Changes part of new vision for CAJE, JFed

By David Baugher, Special to the Jewish Light

Significant changes are in store this fall for the relationship between the local Central Agency for Jewish Education (CAJE) and the Jewish Federation of St. Louis.

Starting Sept. 1, the Federation will move three programs over to the Judaic educational entity while Sonia Dobinsky, CAJE’s executive director, will shift 35 percent of her time to work within the Federation as a senior level planner. The reshuffling is designed to create closer connections between the communal agencies in order to promote objectives laid out in the Federation’s strategic plan.

“Our expectation is that this will accelerate our ability to develop programs that address Jewish education and identity and bring them forward for success,” said Barry Rosenberg, president and CEO of the Jewish Federation. “This is a core of our strategic plan and we are very committed to the issue of Jewish identity and engagement.”

Part of the move will see a restructuring of the CAJE into four departments: Community Engagement and Education, Jewish Kids in St. Louis, Teen Initiative and the Israel Experience and Engagement Center. The agency will also redefine itself adding “engagement” to its educational mission. 


A trio of Federation-administered initiatives will also be relocated in the transfer. They are PJ Library, Concierge for Families with Young Children and One Happy Camper. The last is part of a national program designed to promote Jewish overnight camping. No changes in staffing are planned and Dobinsky doesn’t think recipients will see any immediate difference in services.

“Longer term, what they’ll see is that the resources that our agency has to couple with those programs will create enhanced offerings and opportunities for families with young children,” she said.

Dobinsky said the advantage of CAJE’s tighter ties to the Federation will become more obvious as the next generation of youth transitions through different stages of life.

“The children who age out of the PJ Library program will be more closely connected with other community programs,” she said. “It gives them the opportunity to seamlessly allow people to move through the Jewish community system. We’re providing a variety of doors for them.”

Dobinsky said it will permit the umbrella agency to utilize CAJE’s expertise while the Federation concentrates more on fundraising and planning issues.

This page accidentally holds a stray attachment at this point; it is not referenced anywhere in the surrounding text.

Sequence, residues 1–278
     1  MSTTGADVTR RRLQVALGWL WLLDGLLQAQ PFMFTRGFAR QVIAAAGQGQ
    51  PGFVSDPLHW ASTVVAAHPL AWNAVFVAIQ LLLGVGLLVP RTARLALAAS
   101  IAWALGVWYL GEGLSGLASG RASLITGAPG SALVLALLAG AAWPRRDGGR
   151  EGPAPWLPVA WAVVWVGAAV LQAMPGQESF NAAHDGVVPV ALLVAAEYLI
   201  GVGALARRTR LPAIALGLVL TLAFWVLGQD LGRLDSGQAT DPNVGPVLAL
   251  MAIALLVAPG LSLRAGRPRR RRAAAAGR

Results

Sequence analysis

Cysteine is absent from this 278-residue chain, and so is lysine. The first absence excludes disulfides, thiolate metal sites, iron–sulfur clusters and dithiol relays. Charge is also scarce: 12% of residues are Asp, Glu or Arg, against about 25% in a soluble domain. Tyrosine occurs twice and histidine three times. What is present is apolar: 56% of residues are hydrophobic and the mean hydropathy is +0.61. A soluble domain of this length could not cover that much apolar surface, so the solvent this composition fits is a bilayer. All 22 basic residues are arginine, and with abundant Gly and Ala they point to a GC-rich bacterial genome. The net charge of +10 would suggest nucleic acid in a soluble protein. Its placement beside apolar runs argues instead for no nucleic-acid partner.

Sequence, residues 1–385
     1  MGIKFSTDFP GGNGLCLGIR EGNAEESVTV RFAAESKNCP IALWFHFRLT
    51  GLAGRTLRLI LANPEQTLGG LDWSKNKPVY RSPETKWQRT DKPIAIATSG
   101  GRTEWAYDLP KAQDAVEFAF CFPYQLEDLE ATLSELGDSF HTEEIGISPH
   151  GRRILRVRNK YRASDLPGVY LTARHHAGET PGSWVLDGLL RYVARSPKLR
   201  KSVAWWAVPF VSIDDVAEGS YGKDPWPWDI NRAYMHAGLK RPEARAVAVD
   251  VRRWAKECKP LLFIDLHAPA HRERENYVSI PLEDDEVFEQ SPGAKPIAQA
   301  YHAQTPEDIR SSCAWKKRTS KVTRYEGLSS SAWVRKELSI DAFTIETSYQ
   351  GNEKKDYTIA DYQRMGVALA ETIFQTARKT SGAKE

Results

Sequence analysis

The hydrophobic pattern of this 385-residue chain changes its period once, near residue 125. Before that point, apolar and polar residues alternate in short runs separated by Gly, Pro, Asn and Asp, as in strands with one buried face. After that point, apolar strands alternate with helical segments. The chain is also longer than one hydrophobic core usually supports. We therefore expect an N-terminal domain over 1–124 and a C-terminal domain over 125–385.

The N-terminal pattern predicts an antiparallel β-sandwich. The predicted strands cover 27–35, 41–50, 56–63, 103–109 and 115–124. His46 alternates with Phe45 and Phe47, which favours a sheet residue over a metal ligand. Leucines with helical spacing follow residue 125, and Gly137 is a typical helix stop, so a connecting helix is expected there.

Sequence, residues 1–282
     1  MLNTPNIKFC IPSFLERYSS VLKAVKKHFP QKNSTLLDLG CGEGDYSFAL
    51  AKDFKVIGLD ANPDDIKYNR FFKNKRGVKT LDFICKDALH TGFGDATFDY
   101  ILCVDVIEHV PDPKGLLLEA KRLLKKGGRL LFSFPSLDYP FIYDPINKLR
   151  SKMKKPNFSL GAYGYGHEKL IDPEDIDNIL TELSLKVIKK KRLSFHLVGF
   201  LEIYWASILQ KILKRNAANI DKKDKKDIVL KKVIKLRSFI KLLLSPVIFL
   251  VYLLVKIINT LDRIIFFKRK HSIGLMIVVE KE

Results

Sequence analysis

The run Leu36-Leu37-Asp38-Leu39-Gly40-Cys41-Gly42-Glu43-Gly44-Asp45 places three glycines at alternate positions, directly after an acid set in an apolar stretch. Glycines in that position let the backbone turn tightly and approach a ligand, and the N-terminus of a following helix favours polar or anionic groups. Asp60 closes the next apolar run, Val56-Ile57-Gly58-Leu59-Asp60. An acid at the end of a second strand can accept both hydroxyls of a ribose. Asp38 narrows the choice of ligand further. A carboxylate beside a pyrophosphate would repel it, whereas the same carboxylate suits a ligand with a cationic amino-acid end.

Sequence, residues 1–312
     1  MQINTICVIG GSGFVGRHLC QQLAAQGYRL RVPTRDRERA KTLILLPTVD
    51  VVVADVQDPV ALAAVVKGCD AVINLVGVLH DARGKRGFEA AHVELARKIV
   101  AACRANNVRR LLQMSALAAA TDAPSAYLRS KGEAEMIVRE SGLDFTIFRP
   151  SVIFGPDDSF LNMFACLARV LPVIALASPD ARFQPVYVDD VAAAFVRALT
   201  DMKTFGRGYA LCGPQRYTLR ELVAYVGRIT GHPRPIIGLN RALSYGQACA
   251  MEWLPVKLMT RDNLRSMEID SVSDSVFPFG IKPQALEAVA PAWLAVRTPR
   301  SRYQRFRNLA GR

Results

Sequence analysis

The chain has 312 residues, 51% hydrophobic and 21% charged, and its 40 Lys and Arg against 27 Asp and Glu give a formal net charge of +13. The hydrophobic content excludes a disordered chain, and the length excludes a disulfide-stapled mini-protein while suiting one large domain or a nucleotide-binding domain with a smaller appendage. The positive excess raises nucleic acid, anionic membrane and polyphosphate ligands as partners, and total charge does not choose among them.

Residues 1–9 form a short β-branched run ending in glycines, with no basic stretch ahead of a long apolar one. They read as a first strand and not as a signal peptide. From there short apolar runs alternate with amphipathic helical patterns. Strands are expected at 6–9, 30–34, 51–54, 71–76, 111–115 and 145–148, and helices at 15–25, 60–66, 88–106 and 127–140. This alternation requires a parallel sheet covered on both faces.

She also feels the move reflects a deeper national discussion.

“Central agencies and Jewish federations around the country are exploring ways to strengthen their relationships and maximize their use of expertise as well as resources,” Dobinsky said. “Federations know that donors connect to educational programs and central agencies are uniquely placed in that. They often house expertise and in addition they are not membership based in that they have no constituency that is based on funding to buy in so it’s a really interesting place to be.”

Ruth Raskas, chair of the Federation’s “Ensuring the Jewish Future” Committee, thinks the move is a positive one.

“The community really needs to think of this as people taking the time to assess our current landscape, and figure out what we need to put in place to get to the ultimate goal of our strategic plan and this is a real opportunity to do that,” she said. 

Raskas believes that the idea could help to keep the community adaptable to present realities.

“The way things have worked historically are changing,” she said. “The community is changing and the question is, ‘How do we create the right infrastructure so we are ready for that change and we’re ready to spearhead that change?’”

Rosenberg said the move, which was in the planning stages for about seven or eight months, is designed to create synergy and services will not be cut back. 

In fact, Federation has increased money directed towards identity and engagement by 30 percent despite an overall decline in available funds due to a series of bruising annual campaigns.

Rosenberg believes the model could be emulated elsewhere.

“We were informed by the way some other communities approached the subject of planning and service provision but when we developed this it was a unique idea for us in St. Louis,” he said, noting that some other federations might consider similar ideas.

Michael Oberlander, vice chair of planning and allocations for the Federation, is also optimistic. 

“At the ground level, I think the first thing we’re going to see is CAJE’s impact increase, its ability to address some of the key parts of our strategic plan,” he said.

He also thinks working more closely with Dobinsky will be a benefit as well.

“I’m very glad that we’re going to benefit from Sonia’s wisdom and her experience,” he said.

Rosenberg believes it is the beginning of a success story.

“This is another example of how St. Louis is innovating around how to meet the needs of the community,” he said. “This is a new form of Federation and agency working together.”